The Eagle Squadron Mustang GT was built by Ford Performance and drifting champ, Vaughn Gittin Jr., as a tribute to American fighter pilots who served in the Royal Air Force
Ford Motor Company announced new details about its electric vehicle strategy, including a new plug-in hybrid battery supplier and the addition of seven utility companies to a test program to speed the commercialization of plug-in hybrid electric vehicles.
Ford said it has entered into a relationship with battery producer Johnson Controls-Saft to develop an advanced lithium-ion battery system to power Ford’s first commercial plug-in hybrid (PHEV). At the same time, Ford said seven regional electric utility companies are joining Ford and the Electric Power Research Institute (EPRI) to conduct real-world tests on an expanding fleet of Ford Escape PHEVs.
“As we move toward greater electrification of vehicles, we can achieve much more by working together toward a common goal,” said Sue Cischke, Ford group vice president, Sustainability, Environment and Safety Engineering. “The work we are investing in today on both the vehicles and the connectivity to the nation’s electric grid will pay off with real-world vehicles for customers in the very near future.”
The relationships will help Ford accelerate its electrification strategy, including bringing a full battery electric vehicle (BEV) van to market in 2010 for commercial use, a small BEV sedan developed jointly with Magna International by 2011, and a PHEV by 2012.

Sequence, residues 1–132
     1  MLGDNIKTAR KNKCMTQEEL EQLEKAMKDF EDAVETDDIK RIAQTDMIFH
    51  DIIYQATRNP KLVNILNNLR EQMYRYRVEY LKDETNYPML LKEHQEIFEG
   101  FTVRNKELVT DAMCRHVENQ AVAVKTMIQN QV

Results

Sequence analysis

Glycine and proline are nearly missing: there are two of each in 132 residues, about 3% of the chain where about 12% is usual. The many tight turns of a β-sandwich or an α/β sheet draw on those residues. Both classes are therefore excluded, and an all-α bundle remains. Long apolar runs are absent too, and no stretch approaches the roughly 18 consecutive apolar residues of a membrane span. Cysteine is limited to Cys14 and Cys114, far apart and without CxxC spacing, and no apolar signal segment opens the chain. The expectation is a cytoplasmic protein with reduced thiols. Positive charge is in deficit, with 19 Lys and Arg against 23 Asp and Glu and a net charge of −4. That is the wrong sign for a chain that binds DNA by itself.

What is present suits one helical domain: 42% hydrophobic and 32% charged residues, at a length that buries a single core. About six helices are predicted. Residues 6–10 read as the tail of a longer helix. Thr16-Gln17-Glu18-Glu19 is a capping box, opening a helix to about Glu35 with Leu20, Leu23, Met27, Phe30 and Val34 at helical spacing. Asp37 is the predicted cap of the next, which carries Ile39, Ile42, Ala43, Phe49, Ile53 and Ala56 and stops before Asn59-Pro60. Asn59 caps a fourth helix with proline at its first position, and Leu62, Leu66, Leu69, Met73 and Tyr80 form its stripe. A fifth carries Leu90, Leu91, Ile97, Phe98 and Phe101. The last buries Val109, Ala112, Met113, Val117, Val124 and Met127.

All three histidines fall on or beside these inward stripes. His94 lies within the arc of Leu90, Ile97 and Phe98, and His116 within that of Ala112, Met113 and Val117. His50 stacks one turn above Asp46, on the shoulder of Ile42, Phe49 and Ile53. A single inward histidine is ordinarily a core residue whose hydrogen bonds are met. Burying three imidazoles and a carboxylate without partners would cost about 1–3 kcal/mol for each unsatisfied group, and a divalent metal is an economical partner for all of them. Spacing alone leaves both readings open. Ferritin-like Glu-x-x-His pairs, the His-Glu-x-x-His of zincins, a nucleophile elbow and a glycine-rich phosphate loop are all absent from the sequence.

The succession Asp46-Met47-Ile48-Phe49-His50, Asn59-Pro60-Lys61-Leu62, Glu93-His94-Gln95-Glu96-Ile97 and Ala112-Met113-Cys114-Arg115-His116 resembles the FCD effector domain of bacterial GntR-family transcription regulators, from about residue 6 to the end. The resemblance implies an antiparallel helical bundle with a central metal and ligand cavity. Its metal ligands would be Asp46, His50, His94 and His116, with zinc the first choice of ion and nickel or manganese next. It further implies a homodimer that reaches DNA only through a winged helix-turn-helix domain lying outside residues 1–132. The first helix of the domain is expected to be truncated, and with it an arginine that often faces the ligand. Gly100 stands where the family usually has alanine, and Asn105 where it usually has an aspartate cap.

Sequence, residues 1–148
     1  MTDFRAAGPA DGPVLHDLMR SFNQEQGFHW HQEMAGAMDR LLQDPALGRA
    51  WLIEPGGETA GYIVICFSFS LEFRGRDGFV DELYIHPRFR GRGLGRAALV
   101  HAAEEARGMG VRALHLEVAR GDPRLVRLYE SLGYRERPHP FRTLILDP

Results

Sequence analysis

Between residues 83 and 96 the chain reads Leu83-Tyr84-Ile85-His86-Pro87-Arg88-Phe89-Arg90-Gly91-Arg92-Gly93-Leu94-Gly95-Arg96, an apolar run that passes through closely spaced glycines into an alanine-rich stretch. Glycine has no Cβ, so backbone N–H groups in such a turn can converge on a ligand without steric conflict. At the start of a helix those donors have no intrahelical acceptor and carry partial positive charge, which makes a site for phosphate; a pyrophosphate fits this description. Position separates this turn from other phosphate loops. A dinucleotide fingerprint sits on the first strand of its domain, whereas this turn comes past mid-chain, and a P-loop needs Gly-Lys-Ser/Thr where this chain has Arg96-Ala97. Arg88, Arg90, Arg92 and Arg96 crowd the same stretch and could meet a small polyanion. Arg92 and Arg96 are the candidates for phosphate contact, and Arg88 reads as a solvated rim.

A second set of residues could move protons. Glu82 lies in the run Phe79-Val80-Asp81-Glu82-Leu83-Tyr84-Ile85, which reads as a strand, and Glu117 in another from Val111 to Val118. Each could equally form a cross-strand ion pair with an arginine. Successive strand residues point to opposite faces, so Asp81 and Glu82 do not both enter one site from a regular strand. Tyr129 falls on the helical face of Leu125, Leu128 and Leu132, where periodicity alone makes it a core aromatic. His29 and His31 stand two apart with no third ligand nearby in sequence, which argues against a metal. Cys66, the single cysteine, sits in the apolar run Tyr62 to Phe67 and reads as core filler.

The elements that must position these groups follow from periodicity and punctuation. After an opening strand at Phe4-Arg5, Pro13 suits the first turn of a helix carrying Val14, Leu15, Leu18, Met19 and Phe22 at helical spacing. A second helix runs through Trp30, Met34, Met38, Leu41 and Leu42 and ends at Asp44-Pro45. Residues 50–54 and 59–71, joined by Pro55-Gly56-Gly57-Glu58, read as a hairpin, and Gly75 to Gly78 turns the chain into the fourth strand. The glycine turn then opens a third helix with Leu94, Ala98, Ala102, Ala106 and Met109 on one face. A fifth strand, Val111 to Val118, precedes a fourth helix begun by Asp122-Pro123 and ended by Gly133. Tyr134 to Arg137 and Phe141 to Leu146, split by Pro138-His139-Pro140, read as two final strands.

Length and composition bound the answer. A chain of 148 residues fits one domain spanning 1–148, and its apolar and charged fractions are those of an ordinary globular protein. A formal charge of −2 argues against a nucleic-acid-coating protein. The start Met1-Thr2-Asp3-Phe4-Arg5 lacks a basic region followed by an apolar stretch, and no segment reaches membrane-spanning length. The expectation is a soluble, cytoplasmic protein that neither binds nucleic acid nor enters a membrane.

Ford is providing Escape PHEVs for real-world road testing to its new research and utility partners around the country, including:
Ford formed its first utility relationship with Southern California Edison in 2007.
Electric Power Research Institute, which is providing financial and logistical support for extensive new studies, formed the collaboration of utilities for the program. This allows EPRI and Ford, which first entered into a three-year agreement in March, to study regional differences and the impact on the electric grid as well as the vehicles.
“The data mined from these field tests will provide crucial information that will help us continue to make advances in battery technology, vehicle systems and customer usage,” said Arshad Mansoor, EPRI vice president of Power Delivery and Utilization. “This technical information will lead to PHEV standards that will ultimately help automakers and utilities develop an efficient, convenient infrastructure and a seamless interface between the road and the power grid.”
The research into PHEVs focuses on four primary areas: battery technology, vehicle systems, customer usage, and grid infrastructure. The companies also will explore the potential for a stationary battery application and the value of energy storage.
“We are at the point where we need to work with the battery supply base, the utility industry and the government in order to find ways to make electrified vehicles an affordable proposition for consumers,” Cischke said. “Plug-in hybrids hold great promise, but do still face significant obstacles to commercialization.”